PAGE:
Paper Making Life Easier for Academics How librarians can help staff weather the technological storm Peter Godwin London South Bank University Abstract Academic staff are the key to influencing student acceptance of information literacy. Therefore librarians need to concentrate on academic perceptions and interest in information literacy. There are many reasons for academic apathy and disinterest. There is a need to improve the awareness and skills of academic staff. National and institutional training solutions seek to address the shortfall. Some research shows that academics prefer to be trained individually. The London South Bank University method facilitates this. Originally designed to publicise electronic access, Desktop Library Visits prove to be an effective way of encouraging information literacy to staff and persuading them to enhance student skills. The method is simple, adaptable for the promotion of other services and transferable to other institutions. Keywords Academic staff, faculty, information literacy, staff training. Journal of eLiteracy, Vol 2 (2005) 68 Academic staff have always been the key to student skills development. Their own attitude to information skills has a crucial impact on how important these skills are regarded by their students. This paper analyses why academic staff are so important, what generic solutions are available to improve staff knowledge, and details a simple practical method used by London South Bank University(LSBU) which could be adapted and transferred elsewhere. Academics are the sages Larry Hardesty (Hardesty 2004) has written eloquently of the importance of faculty (academic staff) in the United States and concluded that they held the key to student library use. Hardesty (1995) noted that “no matter how hard librarians work, without the cooperation and support of teaching faculty, the BI [bibliographic instruction] program will be unsuccessful or severely limited. This happens because the attitude of faculty is a major determinant in the response of students to the program”. Students still tend to heed the advice of their tutors regarding study skills. Naturally the staff will have in-depth subject knowledge, but they may not be good at helping essay writing, time management, and the best way to find information. Students often get their information from each other, the Web and the sources recommended by their tutors. Consulting librarians or understanding the need to learn how to find and use information to meet assignments is not commonly understood by students. The JUSTEIS (JISC Usage Surveys : Trends in Electronic Information Services) survey concluded in 2002 that academics were “the main influence on students’ decisions to use particular electronic information sources (or not)”. It is doubtful whether many staff realise the extent of their influence. In some disciplines, JUSTEIS concluded that they were aware of their role in helping students evaluate electronic information but saw this as a problem or a challenge. The academic always has the detailed subject knowledge and should be able to teach students to analyse data, and develop an understanding of the subject derived from various sources. These elements of information literacy are usually beyond the abilities or task of the librarian, unless team taught. However, the librarian can still act as the guide through the information maze, and help the student to use and make choices from the best sources. If academics remain the most powerful influence on student use of information sources, surely the librarian must consider focussing initially on their needs.? This approach has some logic. In practice, librarians have always intuitively considered the students first, and it would unthinkable not to help new cohorts of freshers’ basic searching skills. Nevertheless I claim that the key to getting these skills accepted lies in academic involvement. Why academics are not interested in Information Literacy We will consider the reasons for academic resistance and apathy towards information literacy. This may stem from confusion and irritation about exactly what it means. This has been exacerbated by librarians agonising over definitions, and being slow to present clear guidance. There should be a basic level of agreement across the profession based on the Council of Australian University Librarians definition, 2001, the American Library Association, 1998 the UNESCO meeting of Information Journal of eLiteracy, Vol 2 (2005) 69 Literacy experts in Prague, 2003, the Seven Pillars model developed by SCONUL, in the UK, and the recent CILIP definition in the UK applicable to all communities. A recent article by Edward Owushu-Ansah (2003) forcibly makes the point that we have to move on from the obsession with definitions. Then there has been the common confusion equating information literacy with IT literacy. Certainly basic IT skills underpin information skills and the two skill sets intertwine throughout their different levels. However, the assumption by academics that IT skills (using a computer and searching the internet) somehow equip the student to be a competent information searcher is a dangerous error which librarians must seek to correct. Academics’ resistance and lack of interest in Information Literacy Librarians have sometimes included information literacy in the lifelong learning bandwagon or added it to an increasing bundle of literacies. Nimon (2002) has referred to these confusions of literacies and the acceptance of these new literacies is by no means universal. For example the concept of electronic literacy can seem attractive in its all-embracing scope. Nevertheless, this could have led some academics to lose patience with what may seem to be indistinct skill sets, and render them less willing to accept such specific areas as information literacy. Some may not appreciate the size and complexity of finding reliable information in the 21st century. The dangerous myth that information is easy to find has caused librarians a lot of difficulty. There are some academics who think they know how to find information, because they have no trouble finding what they want to know via their peers in discussion groups, a relevant database, and occasional recommended books. Furthermore Hewitson (2002) showed that at Leeds Metropolitan University staff found it hard to tell which of the information sources offered by the library were the best, and therefore tended to rely on tried and tested ones. Only when they needed them for their own research or PhD. were they more likely to use the full range of electronic materials. Both the JUBILEE (JISC User Behaviour in Information seeking Longitudinal Evaluation of Electronic information services) and JUSTEIS projects have also concluded that academic staff preferred to use the internet rather than databases for finding information. Again Hewitson concludes that some academics may prefer to use the internet because it gives up-to-date instant results, which relate to students on vocational courses, rather than using databases which may not fully meet their information needs. Understandably, academics are interested in their subject, want to teach as much of this as possible in a crowded curriculum and do not want to devote time to skill development. They do not appreciate its significance. From Hardesty’s comments this would appear to be as true in the States as it is in the UK. He quotes academics saying that they do not want to give up their subject time for literature searching skills. This can be particularly true of staff who have been in post for many years. There are many pressures on academic staff time. In the UK there is the current obsession with course quality monitoring, and in these competing priorities, allocating time to improve their own information literacy does not figure highly. Hewitson’s researches at Leeds confirmed these pressures. The idea that these skills are just as much a part of the course as any subject content has not yet become a reality. Journal of eLiteracy, Vol 2 (2005) 70 Another manifestation of lack of interest can be deduced from evidence in Boyer’s book on the undergraduate experience in the United States, referred to by Zabel (2004) that at some universities students do not go into libraries, using their resources, because their coursework does not require them to do so. This experience may well be replicated in some UK universities. The curriculum and its attendant assignments can presumably be met by other sources, or is not taught in such a way that students are required to integrate ideas and apply ideas learned in class. Of course if subject librarians are actively involved in a collaboration with academics such a situation should not arise. The pace of change in proving information electronically has led to frustrations over hardware and electronic access problems can jade even the enthusiast. Academics who cannot keep up with the technology become cynical. A quote form Goodman (2001) illustrates this “I am not a technophobe…I resist spending an enormous amount of time forming relationships with technology that I know from experience is likely to leave me…if you learned French, you can always speak French. If, however, you learned DOS, you can only speak to a docent in a computer museum.” Annoying database interfaces, passwords, off-campus access and other factors work against acceptance. Price (1999) makes this point appositely, by referring to academics who had experienced technical difficulties, including poor printers, and tricky database interfaces. Hardware has become more reliable, fewer and easier to use interfaces, but the comparison with Google is never far away. Unless information providers can connect their databases into a simple whole with seamless full text they will never be able to compete with Google and the Web search engines. The development of federated search tools like Google Scholar and commercial metasearch engines brings this nearer. This interconnectivity seems to be coming but the challenges of making fast reliable Web delivered services to impatient and weary tutors using older machines in cramped offices should still not be overlooked. Some academic staff demonstrate a naïve faith that students have the skills and can manage anyway. This can arise from seeing student overconfidence in claiming to be able to find material and not asking for help. An article by Brown, Murphy and Nanny (2003) recently stated “college students perceive their facility with technology to be so thorough that they tend not to be interested in learning the information skills necessary to locate, evaluate, and use information they glean from the internet. Thus, before students can recognise that information literacy skills will facilitate and validate their quest for information they want and need their ‘techno-savvy’ overconfidence must be moderated”. The internet gives so much information, that it can appear much less complicated than it really is. Students who have no idea how information is indexed, how to use controlled vocabulary, differences between an index and a Web search engine, are at present disadvantaging themselves. To put it another way : they don’t know what they don’t know. Some staff view this all as a “library thing” and don’t want to be involved. Doskatsch (2003) refers to research in the USA and Canada in the 1980s and 1990s which revealed that staff often saw librarians as subordinate to academics, that their contribution to helping the student learning process was negligible, that their teaching credentials were low and that they saw librarians as a cross between school secretary, research assistant and babysitter. Hardesty (2004) notes that staff may listen to librarians “with polite tolerance….thinking ‘what does this have to do with me and Journal of eLiteracy, Vol 2 (2005) 71 why should I spend my limited time thinking about it?’” This I suspect to be a common experience for UK librarians proselytizing about information literacy in the various spheres of academia. Many academics have had bad experiences of being told how to use a library and find information when they were students. They now feel ill equipped to use the modern library, dealing with the mass of information available online and in print, and feel left behind. This leads into one of the most potent causes of resistance: fear of admitting ignorance. Tackling this issue sensitively has been one of the most difficult tasks in advancing information literacy. As we shall see, the LSBU method addresses the problem exactly. How to enthuse academics If we are to engage academic interest we need to look at what could fuel their interest. Staff development drivers are included in the JISC Investing in Staff i-Skills document and gives some useful and interesting general pointers. Earlier research in the JISC Study on Staff Development Drivers concluded that the drivers are external, institutional, infrastructural, user/customer, professional or role and personal. The infrastructural and user/customer were found to be the weakest. If at least two factors were involved then success was more likely. For example if external exhortations combined with institutional policy and personal interest then engagement could result. My own experience has confirmed that linking to future employability and career is good, plus getting information literacy onto the University agenda. On a more mundane level, local training initiatives should always include sweeteners like refreshments or lunch, and persistence is essential. Taking this to the next stage, the need to motivate staff and get them to collaborate and work together with librarians has received much attention in the professional literature. An inspiring poster session from Holtze (2001) at the ACRL Denver Conference in 2001 listed over 50 ways of reaching academics demonstrating that we can build bridges by having shared aims and working together. Christine Bruce’s landmark research into the phenomenography of how Australian educators saw information literacy is significant.. Sheila Webber and Bill Johnston’s Arts and Humanities Board funded project (2002-5) “UK Academics and Information Literacy” is looking in detail at how academics view information literacy. This phenomenographic approach will enable us to understand better where academics are coming from with regard to Information Literacy. At present, librarians may still be making too many assumptions. The result of the research should give librarians the knowledge of how to develop better relationships with academics. If we accept the problem of information skills acquisition by academics, then we need to consider briefly what these might be and what recent factors should be taken into consideration. The Big Blue Connect project 2003/4 has analysed the skills. IT skills underpin information skills then it is likely that academic IT skills will have improved over the last five years and this will be very helpful. This is certainly the case at LSBU. The national trend whereby the individual undertakes tasks formerly done by specialists is important. Therefore academics use Word for what was Desktop Publishing, use Powerpoint for presentations, and are using Blackboard for VLEs. Journal of eLiteracy, Vol 2 (2005) 72 New teaching and learning methods are raising new and important social and ethical issues, including copyright and plagiarism. The latter is particularly linked to student use of computers, word processing and obtaining material from the Web. Finally, the need to use the most effective learning methods to deliver course material. All these have an influence on information skills for academics and how they should be delivered in the future. There can be many solutions. For example : at a national level in the UK a recent survey by a consultation company ESYS (2003) showed training provision was patchy, with contributions by organisation including Netskills, the LTSN, Institute for Learning and Teaching in Higher Education (now both part of the Higher Education Academy), and National Learning Network,. The survey found little recognition for information skills in professional qualifications. Another solution could be found in in-house training for staff in HE institutions. This would be likely to concentrate on new services, with erratic attendance. Some staff have viewed such training as remedial. A JISC Staff Information Skill Sets Programme was launched in 2005 to help to raise standards. These have been branded as i-skills and these useful materials are available to assist an institution to assess how well they are coping with these i- skills. Will all this research lead to the necessary paradigm shift ? The danger with any research or materials is always that they become outdated and need a mechanism for review and update. We must expect continuous change, so large scale upskilling of academics at any particular time is surely an unrealistic objective. A more pragmatic approach was discovered in Level (2003)at Colorado State University in 2003, with their “Find it Fast” training series for academics. They had discovered that academics do not favour long complex sessions. With an emphasis on time-saving and experienced librarians around to advise individually, they found a successful formula. Similar initiatives are likely to have been going on across other universities worldwide. Solution at London South Bank University The LSBU model is a pragmatic solution which takes the training to the individual academics, engaging them in their own office. The idea of developing good relationships with academics is hardly new, and follows on from much of the foregoing discussion. In particular Hardesty (2004) noted that the three most important ways to promote an innovation were “personal contact, personal contact and personal contact”. McDonough (2001) gives a comprehensive structure and checklist for making contact with individual academic staff, which may be practical for new staff, but too ambitious to use with larger groups of staff. The LSBU model is less comprehensive, but raises awareness and gives the opportunity to clear away all kinds of misconceptions, ignorance and misunderstandings in a confidential supportive environment. Originally instigated at LSBU to raise understanding of electronic services, it is also an effective way to promote information literacy, by raising the skills of the staff member and hence reaching out to students. The model was inspired originally by TAPin (Training and Awareness project in information and networking) part of the JISC eLib initiative, which was based at the University of Central England, 1995-7. This project discovered that academics value time over training, and that they ideally wanted to be trained individually in their offices. They Journal of eLiteracy, Vol 2 (2005) 73 had individual needs and abilities and preferred the 1 to 1 approach.. We have found staff reluctant to attend training sessions in groups, and they will not spare the time. The London South Bank method We have developed a method which we call Desktop Library Visits. Individual sessions are given in the academic’s office using their own PC. The sessions are usually given by Information Advisers, and should never exceed one hour. Although all staff are offered a session in our general publicity, we have targeted particular departments, new staff or senior staff. Originally designed for academic staff, we have extended this to researchers and key administrative staff. Sessions are booked in advance by phone or e-mail. Experience has shown that mailings or advertisements only raise awareness and result in few bookings. Telephoning individuals after such promotion has taken place is invariably successful. In the first pilot initiative with Social Science staff in summer 1998, nineteen staff all agreed to sessions when prompted by a telephone call. Visits begin with a short interview, based around a standard paper form (see Desktop Library Visit Form at end of this article) which can reveal the information searching awareness, ability and special interests of the academic. This initial interview is crucial and sets the agenda for the session. A careful balance is kept between what the librarian wants to communicate and where the academic’s interests lie. The key to the whole procedure lies in building up good rapport and mutual respect from the outset. The sessions are kept concise and relevant. Brief online demonstrations can be supported by printed help sheets, with referrals to Web sites and other training possibilities. Desktop Library Visits work best for individuals. Group sessions are not as effective. Two staff who share the same office may have different skill levels and subject interests. They may also not be willing to admit what they know and what they do not know. The larger the group the more these difficulties will increase. Individual sessions given in their own office are the ideal, so that the academic will learn that these resources are accessible there. Librarians performing the visits should not be side-tracked into dealing with technical faults, unless minor, and within their competence. Faults can be logged on the form and passed on to appropriate support staff after the visit. It is important to concentrate on what interests the staff member most. However, one of the major purposes of the visit is likely to be draw attention to information literacy. Promotional literature can be handed out or preferably sent out in advance. This may be details of a Web package, or the sessions offered by the library. During the visit the concepts can be discussed, followed by judging when to arrange sessions alongside assignments and course content. Many staff simply do not know that the library undertakes this role. The advantage of a Desktop Library Visit is that it can convince staff that there is something to teach. The old concept of librarians telling the students about the library is now fundamentally the wrong approach. The complexities of finding information may become more apparent to the academic and a useful discussion can arise. This can then lead to bookings being made for sessions with groups of students. Our experience has been that wherever planned approaches to give information literacy help are made they are taken up. Then the challenge is to fulfil all the teaching required. Journal of eLiteracy, Vol 2 (2005) 74 The form is used to conduct the session, listing what was demonstrated, and any matters to be followed up. These must be pursued promptly after the session. Statistics can be built up from the forms to show penetration of the service e.g.the number seen within a department, percentage of new staff seen. At LSBU we have seen 209 staff since the service started in 1999. We have updated the form slightly five times to reflect changes of emphasis and organisational changes to sites that we wish to promote. (e.g. LTSN has been taken into the Higher Education Academy). E-mail alerting groups based on a Faculty or departmental basis can be built up to maintain contact between staff and the library after the sessions. When sessions began the use of e-mail was not consistent across the institution. We now intend to build up e-mail alerting groups in each Faculty offering refresher sessions to staff. The method began at LSBU to deliver awareness of what the academics can access from their own desk. Emphasis was at first more toward databases and library catalogues. We now group the areas we cover into general Web searching (an opportunity to give views on Google Scholar), subject databases and Web sites via LIS@ our Library home page, advice to academic staff (including copyright), our Information Literacy services, learning and teaching via the Web and in-house training given by the University’s IT Training Centre. However, the Desktop Library Visit method could be developed to deliver other matters. IT elements could be included, provided those who deliver the sessions are trained accordingly. Ethical issues including copyright could be emphasised. A new service such as online print ordering could be promoted. VLE development could be featured so that staff become more aware of how to link from their Blackboard sites to databases or full text journal articles. The form is used to control the elements on offer in the visit and the trainer synchonises those of most concern to the library with those of most interest to the academic. The method’s flexibility allows it to be tailored to the individual. Sheila Webber and Bill Johnston’s work is beginning to emphasise the individuality of academics’ view of information literacy through the phenomenographic approach of their work. Generic approaches to upskilling academics are hard to deliver. The model can be helpful in providing an individual response and shaped to individual needs. Academics like the individual approach “Put it like this, if somebody said there is an hour…on EIS for sport and leisure management, looking at electronic journals and the like. I’d be there like a shot” (Hewitson, 2002). The Desktop Library method works because it treats academics as individuals. It raises awareness and interest and can connect to formalised training opportunities. It enhances the librarian’s contribution to promoting educational change. Finally it can sow the seeds of information literacy, and the students will be the beneficiaries. Journal of eLiteracy, Vol 2 (2005) 75 Desktop Library Visit Form 9/ 2005 Name: Ext: Trained by: Email: Date: Knows H/S TOPIC of Uses Demo Helpsheets given 1 WWW Searching Tick Boxes 1.1 Surfing HS24 1.2 URL’s 1.3 Google Scholar 1.4 Gateways : RDN 1.5 Bookmarks 2 LISA Tick Boxes 2.1 OPAC via LISA 2.2 M25 2.3 BL & COPAC 2.4 Relevant databases Various 2.5 E-Journals 2.6 Subject portals on LISA 2.7 Off Campus Access HS3 3 Advice to staff Tick Boxes 3.1 Copyright 3.2 Ordering books 3.3 Reading List Finder 4 Information Literacy Tick Boxes 4.1 Our Programmes 4.2 Information Quest DB38 4.3 RDN Training Suite 5 Learning via the Web Tick Boxes 5.1 H.E.Academy 5.2 Blackboard links 6 ITTC Tick Boxes 6.1 Courses & open learning 6.2 Seminar on a Disk Journal of eLiteracy, Vol 2 (2005) 76 Further Action Needed. 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(2004)UK academics' conceptions of, and pedagogy for, information literacy AHRB project http://dis.shef.ac.uk/literacy/project/about.html Webber, S (2001) "Myths and opportunities." Library Association Record, 103 (9) : 548-549 Zabel, D (2004) "A reaction to “Information Literacy and Higher Education”." Journal of Academic Librarianship, 30 (1) : 17-21 Address for Correspondence Peter Godwin, Academic Services Manager Learning & Information Services London South Bank University, Perry Library, 250 Southwark Bridge Road, London, SE1 6NJ Journal of eLiteracy, Vol 2 (2005) 79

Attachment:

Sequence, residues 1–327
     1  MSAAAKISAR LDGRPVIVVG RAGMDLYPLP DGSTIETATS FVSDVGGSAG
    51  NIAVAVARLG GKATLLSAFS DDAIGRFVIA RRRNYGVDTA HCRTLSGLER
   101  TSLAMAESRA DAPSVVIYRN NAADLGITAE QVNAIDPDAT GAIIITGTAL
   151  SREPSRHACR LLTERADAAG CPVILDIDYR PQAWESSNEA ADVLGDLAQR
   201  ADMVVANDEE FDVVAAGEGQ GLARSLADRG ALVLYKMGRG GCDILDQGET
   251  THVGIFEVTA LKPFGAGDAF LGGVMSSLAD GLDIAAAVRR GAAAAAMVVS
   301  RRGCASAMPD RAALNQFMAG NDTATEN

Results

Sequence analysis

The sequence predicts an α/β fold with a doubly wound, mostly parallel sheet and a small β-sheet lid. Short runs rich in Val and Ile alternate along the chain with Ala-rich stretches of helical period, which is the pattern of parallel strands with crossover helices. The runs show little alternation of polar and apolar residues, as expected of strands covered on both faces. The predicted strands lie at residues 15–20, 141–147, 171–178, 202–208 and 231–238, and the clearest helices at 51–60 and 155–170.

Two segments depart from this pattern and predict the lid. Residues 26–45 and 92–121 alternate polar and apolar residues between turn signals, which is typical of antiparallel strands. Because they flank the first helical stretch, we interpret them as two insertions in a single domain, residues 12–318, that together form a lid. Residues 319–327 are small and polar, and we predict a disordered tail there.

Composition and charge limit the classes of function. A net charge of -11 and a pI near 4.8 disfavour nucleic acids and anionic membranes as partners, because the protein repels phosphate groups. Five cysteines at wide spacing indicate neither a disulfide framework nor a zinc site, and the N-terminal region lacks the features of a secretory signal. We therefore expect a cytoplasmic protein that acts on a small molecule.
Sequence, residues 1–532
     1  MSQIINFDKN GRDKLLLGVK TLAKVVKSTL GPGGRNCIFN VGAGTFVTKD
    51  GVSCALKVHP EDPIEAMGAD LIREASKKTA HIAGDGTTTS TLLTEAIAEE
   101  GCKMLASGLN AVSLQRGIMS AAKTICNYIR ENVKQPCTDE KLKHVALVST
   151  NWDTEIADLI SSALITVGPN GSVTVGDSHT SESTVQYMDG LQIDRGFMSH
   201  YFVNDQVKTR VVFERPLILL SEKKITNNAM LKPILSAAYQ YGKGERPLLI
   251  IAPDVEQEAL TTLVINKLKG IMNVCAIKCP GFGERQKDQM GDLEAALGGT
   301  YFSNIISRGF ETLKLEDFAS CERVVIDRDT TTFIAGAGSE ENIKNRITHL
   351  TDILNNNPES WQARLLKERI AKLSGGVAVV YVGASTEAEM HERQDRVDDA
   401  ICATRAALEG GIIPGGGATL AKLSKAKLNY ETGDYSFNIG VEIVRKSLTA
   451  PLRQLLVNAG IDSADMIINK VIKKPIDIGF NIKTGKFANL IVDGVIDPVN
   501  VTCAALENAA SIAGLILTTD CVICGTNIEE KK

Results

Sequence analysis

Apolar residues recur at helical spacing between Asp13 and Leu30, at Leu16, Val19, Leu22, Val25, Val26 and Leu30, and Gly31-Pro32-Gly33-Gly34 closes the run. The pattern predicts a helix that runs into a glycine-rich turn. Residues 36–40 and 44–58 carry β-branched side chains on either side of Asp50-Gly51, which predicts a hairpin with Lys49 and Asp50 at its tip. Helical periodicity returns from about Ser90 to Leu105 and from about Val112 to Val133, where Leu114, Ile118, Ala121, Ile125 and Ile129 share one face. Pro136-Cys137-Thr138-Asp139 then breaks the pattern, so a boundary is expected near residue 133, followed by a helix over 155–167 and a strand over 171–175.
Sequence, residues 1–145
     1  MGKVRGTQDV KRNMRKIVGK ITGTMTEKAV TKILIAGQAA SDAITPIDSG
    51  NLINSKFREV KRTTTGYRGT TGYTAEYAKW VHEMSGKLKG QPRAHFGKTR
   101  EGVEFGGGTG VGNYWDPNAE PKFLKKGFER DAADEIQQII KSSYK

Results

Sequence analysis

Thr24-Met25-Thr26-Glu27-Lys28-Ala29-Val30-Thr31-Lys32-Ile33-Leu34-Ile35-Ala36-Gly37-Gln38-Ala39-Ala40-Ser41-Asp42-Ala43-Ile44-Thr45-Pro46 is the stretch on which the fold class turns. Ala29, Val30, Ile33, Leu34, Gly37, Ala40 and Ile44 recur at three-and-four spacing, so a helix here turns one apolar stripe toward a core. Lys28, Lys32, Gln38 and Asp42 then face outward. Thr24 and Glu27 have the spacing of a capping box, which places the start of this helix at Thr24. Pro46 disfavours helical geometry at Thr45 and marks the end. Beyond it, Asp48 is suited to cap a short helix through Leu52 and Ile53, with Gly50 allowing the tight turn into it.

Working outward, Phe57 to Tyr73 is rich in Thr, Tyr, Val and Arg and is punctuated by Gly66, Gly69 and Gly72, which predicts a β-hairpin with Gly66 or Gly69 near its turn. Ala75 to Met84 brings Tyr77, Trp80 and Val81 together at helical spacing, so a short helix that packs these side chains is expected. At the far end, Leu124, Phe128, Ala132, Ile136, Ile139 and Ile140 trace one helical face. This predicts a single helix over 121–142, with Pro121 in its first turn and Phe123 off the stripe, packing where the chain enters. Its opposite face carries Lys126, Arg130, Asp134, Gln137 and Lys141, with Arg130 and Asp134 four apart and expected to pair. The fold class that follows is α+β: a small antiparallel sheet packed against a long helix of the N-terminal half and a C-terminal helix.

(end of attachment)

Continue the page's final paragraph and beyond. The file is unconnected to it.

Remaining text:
"MAKING LIFE EASIER FOR ACADEMICS"